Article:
Of course, we mustn’t ever intervene.It’d be tempting though, wouldn’t it?There are quite a few things I’d be tempted to change given the chance.
PS To my regular silent watchers, greetings, you are very welcome. Feel free to say hello.
The Federal Reserve’s calculated decision to sell $400bn of short-dated treasury bills to finance the purchase of 6 – 30 year debt, rather than embark on another round of quantitative easing, may alleviate some immediate pressures, but it entails several risks, which are worth spelling out in detail –
Eh?Oh, I am sorry, I seem to have strayed into the wrong blog there.I do hope I haven’t caused too much distress.
Right, I’m okay now.I was asked to explain how I came to possess a spare clothesline.But first I have a confession to make.In fact, when my old one broke under the weight of too many trousers and shirts, I did not, as implied, install the new one.Instead, I tied a knot in the old one, hauled it back up until the trousers were no longer dusting the patio, and took off into town to buy some CDs and books, and guitar strings and fingerpicks.I should have taken photos, it would have made this even more interesting.
So, why do I (still) have a spare clothesline?Serendipity, or perhaps synchronicity.Two weeks ago, K (who’s 88) announced that hers had broken.I offered, on my visit next day to Majestic for a top-up, to pop into the Range store next door and pick up a replacement, which I duly did.£1.40 for 20 metres, that’s not bad, is it?An hour after I got home, she phoned me to let me know that her kindly neighbour, Ray, had nipped up to B&Q, bought her a new line, and installed it.We both found this quite amusing.She offered to pay me the £1.40, but I said don’t be daft, I’ll hang on to it.It might come in useful, you never know.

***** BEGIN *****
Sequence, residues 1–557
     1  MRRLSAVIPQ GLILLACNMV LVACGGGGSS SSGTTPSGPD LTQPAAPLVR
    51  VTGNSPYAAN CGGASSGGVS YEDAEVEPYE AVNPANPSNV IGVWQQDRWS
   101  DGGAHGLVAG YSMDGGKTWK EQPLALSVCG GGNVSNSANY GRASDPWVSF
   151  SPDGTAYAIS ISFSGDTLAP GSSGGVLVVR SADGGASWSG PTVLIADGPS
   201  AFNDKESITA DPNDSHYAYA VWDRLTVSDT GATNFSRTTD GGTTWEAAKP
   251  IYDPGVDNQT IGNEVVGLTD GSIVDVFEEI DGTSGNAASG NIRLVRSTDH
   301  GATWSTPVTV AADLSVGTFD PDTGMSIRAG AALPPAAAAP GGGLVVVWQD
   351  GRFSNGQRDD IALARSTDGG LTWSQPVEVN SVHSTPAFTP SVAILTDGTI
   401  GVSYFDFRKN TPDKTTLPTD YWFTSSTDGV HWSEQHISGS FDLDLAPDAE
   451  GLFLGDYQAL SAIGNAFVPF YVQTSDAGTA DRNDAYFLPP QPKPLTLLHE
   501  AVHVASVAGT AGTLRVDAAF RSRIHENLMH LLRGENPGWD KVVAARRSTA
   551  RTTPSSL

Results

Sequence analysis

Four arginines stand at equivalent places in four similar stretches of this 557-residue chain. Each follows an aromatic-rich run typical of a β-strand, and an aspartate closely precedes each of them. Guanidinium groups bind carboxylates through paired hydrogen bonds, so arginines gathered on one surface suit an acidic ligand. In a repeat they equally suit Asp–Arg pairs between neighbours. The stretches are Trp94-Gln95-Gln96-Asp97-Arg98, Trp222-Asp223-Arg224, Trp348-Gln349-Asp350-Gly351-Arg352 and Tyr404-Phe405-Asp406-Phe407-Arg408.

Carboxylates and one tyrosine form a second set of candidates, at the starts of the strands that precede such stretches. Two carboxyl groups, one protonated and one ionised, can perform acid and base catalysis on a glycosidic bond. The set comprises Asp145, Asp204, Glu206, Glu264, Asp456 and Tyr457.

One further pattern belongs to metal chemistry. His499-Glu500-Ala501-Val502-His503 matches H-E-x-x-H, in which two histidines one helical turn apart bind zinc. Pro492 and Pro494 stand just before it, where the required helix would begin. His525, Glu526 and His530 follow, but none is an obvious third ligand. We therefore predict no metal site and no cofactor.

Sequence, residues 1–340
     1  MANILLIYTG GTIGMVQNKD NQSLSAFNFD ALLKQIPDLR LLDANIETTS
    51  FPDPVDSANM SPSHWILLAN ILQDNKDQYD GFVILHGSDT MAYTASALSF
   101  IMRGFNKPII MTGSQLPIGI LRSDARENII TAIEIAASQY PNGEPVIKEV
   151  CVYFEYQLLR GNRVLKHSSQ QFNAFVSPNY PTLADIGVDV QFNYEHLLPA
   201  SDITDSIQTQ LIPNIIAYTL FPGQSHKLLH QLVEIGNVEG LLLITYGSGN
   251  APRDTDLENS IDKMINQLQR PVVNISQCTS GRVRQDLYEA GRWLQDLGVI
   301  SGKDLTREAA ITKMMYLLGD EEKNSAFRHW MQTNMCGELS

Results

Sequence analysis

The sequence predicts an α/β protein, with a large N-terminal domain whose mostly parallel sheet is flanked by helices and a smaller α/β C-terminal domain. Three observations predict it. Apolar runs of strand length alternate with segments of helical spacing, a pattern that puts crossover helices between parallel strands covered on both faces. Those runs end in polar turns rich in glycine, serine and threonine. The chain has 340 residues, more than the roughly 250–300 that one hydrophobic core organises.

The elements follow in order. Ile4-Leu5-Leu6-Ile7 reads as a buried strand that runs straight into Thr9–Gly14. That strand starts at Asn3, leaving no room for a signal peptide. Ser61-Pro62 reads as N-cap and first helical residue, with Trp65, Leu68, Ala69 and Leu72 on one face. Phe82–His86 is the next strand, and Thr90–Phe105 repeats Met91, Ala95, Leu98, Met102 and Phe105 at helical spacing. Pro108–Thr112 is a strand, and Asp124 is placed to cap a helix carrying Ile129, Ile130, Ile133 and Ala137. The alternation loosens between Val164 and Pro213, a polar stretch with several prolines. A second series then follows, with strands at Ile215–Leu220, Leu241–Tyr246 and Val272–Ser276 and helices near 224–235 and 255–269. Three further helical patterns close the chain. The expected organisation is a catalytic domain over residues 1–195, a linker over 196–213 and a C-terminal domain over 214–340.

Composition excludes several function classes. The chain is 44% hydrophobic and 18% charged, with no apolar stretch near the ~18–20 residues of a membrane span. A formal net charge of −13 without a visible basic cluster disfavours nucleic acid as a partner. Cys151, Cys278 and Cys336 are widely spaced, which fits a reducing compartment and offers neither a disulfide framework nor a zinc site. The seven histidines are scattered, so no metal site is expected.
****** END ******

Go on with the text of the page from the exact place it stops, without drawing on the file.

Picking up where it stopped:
Our economy here in the ‘United’ ‘Kingdom’ is apparently set to ‘grow’ by ‘only’ 1.1%, and this is a bad thing.Other so-called statistics bear this out (the ‘bad thing’ bit I mean): unemployment is 2.something million and rising; government borrowing has gone up (yes, up!) to an all-time high of £16 billion for August; and consumer spending is trenching (unless you’re buying Mulberry or such stuff).And at least one kind of inflation is running at 4.5%.
Anyway, the economy will ‘grow’(in my version of the language, that means ‘get bigger’) over the next twelve months, by 1.1%.That’s a positive rather than negative number.So why is it bad news?And how does ‘growth’, however meagre, reconcile with all those other negatives?How come, for example, unemployment is rising whilst the economy is getting a bit bigger?And how come we need to borrow more whilst we’re brutally slashing our outgoings?